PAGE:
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Unmasked: The trio of human traffickers who made £1m from Channel migrant crossings 

Unmasked: The trio of human traffickers who made £1m from Channel migrant crossings

  • Mohammad Fiate, 22, and two 25-year-old Kurdish associates have been jailed
  • The trio raked in more than £1million by sending  migrants across the Channel
  • Their guilty verdicts came just weeks after a migrant boat sank off Calais, leaving at least 27 people dead










Three traffickers who raked in more than £1million by sending hundreds of migrants across the Channel into Britain can be unmasked today.

Syrian Mohammad Fiate, 22, and two 25-year-old Kurdish associates, Sharam Shorsh and Ali Haldin, have been jailed for facilitating more than 500 crossings.

Their guilty verdicts came just weeks after a migrant boat sank off Calais, leaving at least 27 people dead.

At the court in the port of Boulogne-sur-Mer, northern France, prosecutor Adeline Depardon told the smugglers: ‘What stands out here is your disregard for other people’s lives, that human beings are a commodity.’

Their guilty verdicts came just weeks after a migrant boat sank off Calais, leaving at least 27 people dead

Their guilty verdicts came just weeks after a migrant boat sank off Calais, leaving at least 27 people dead

Fiate will spend four years behind bars as the major player in the six-week operation. A senior French judicial source said the 22-year-old’s behaviour bore the hallmarks of someone high up in the trafficking network.

Shorsh was jailed for two years and Haldin was sentenced to 12 months. The prosecution had demanded far harsher sentences of up to seven years.

All three helped hundreds of migrants sneak into Britain illegally between June 27 and August 9.

They charged between €2,000 [£1,700] and €3,000 [£2,500] per person, netting more than £1million, police said. But the money has been passed higher up the chain and has not been recovered. Police arrested the men in the early hours of August 10 in Calais after stopping their car for a routine identity check.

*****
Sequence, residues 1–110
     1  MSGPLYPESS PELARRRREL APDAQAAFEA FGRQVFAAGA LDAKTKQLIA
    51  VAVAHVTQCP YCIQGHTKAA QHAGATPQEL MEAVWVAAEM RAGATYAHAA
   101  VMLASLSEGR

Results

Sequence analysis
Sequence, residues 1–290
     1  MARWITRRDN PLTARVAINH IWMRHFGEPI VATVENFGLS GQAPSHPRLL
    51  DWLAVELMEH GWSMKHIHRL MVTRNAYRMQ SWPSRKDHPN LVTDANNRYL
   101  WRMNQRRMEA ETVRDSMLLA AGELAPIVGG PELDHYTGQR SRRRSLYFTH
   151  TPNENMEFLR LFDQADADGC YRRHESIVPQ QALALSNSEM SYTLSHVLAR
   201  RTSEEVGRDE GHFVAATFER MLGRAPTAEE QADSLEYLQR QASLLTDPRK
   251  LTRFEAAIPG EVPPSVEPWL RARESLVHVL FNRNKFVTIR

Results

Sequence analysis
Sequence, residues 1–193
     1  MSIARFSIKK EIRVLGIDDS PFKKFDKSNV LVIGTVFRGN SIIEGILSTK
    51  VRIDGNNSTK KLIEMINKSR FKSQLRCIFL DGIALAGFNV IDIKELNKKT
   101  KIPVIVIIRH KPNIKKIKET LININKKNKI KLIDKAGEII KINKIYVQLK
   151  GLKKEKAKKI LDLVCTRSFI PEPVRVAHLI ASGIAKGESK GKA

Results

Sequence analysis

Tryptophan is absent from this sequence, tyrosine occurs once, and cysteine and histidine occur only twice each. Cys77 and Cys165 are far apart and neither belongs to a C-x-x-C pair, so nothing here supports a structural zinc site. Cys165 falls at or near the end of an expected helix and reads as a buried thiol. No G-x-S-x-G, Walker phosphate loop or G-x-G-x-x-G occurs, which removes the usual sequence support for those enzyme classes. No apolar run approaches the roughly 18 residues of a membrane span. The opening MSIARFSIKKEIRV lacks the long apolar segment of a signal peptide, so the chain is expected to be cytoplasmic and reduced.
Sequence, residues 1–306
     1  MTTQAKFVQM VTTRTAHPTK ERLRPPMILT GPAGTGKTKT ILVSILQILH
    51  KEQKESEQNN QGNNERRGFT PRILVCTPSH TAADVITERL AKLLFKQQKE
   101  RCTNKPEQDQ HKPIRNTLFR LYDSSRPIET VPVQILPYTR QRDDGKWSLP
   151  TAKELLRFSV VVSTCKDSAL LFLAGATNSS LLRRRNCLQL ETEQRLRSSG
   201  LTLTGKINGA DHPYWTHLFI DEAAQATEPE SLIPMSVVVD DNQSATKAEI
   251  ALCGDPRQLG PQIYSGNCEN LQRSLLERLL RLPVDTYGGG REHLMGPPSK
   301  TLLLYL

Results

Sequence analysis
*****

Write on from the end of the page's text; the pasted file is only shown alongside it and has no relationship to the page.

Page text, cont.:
According to a report seen by the Mail, officers searched the car and found 16 soaking wet inflatable buoys and a notebook with the names of hundreds of migrants with a sum assigned to them. Some were even marked ‘baby’. Court records show their most successful crossing took place on July 19, when they piled 83 passengers onto a dinghy.

Fiate wiped away tears throughout his cross-examination as Mrs Depardon told him: ‘At no moment did you think about the migrants who could have died at sea, but only about yourself.’

All three helped hundreds of migrants sneak into Britain illegally between June 27 and August 9

All three helped hundreds of migrants sneak into Britain illegally between June 27 and August 9

All three men pleaded innocence and ignorance throughout the investigation and the final court hearing

All three men pleaded innocence and ignorance throughout the investigation and the final court hearing

‘I did it to pay for my crossing,’ he claimed. ‘I am not a smuggler. I obey the traffickers because they frighten me.’

Defence lawyer Kamel Abbas said his client fled the bloodshed in Syria in 2019, travelling through 12 countries before arriving in France in January 2021.

Shorsh claimed he wanted to raise money for his sick father back in his hometown of Kirkuk, northern Iraq. ‘I am a mechanic,’ he said as he sobbed in the dock. ‘I only repaired three engines.’

All three men pleaded innocence and ignorance throughout the investigation and the final court hearing. They said they worked for a mysterious smuggling kingpin, named only as Souca, whose whereabouts remain unknown.

But the Mail has seen the confidential police documents put before the court last week that seriously undermined their claims of being small-time cronies.

They used smartphones to recruit clients, and police unearthed their phone records, using their own GPS tracking data to prove numerous trips from Paris to the coast

They used smartphones to recruit clients, and police unearthed their phone records, using their own GPS tracking data to prove numerous trips from Paris to the coast

They used smartphones to recruit clients, and police unearthed their phone records, using their own GPS tracking data to prove numerous trips from Paris to the coast.

Fiate’s iPhone was also full of names and photos of migrants, as well as details of prices paid and pictures of passports.

Officials managed to match 327 people with data from the UK Border Force to those who successfully reached Britain, with another 200 suspected of having crossed.

Police records also describe one recording that shows Fiate thumbing a pile of €200 banknotes on a table covered by luxury watches.



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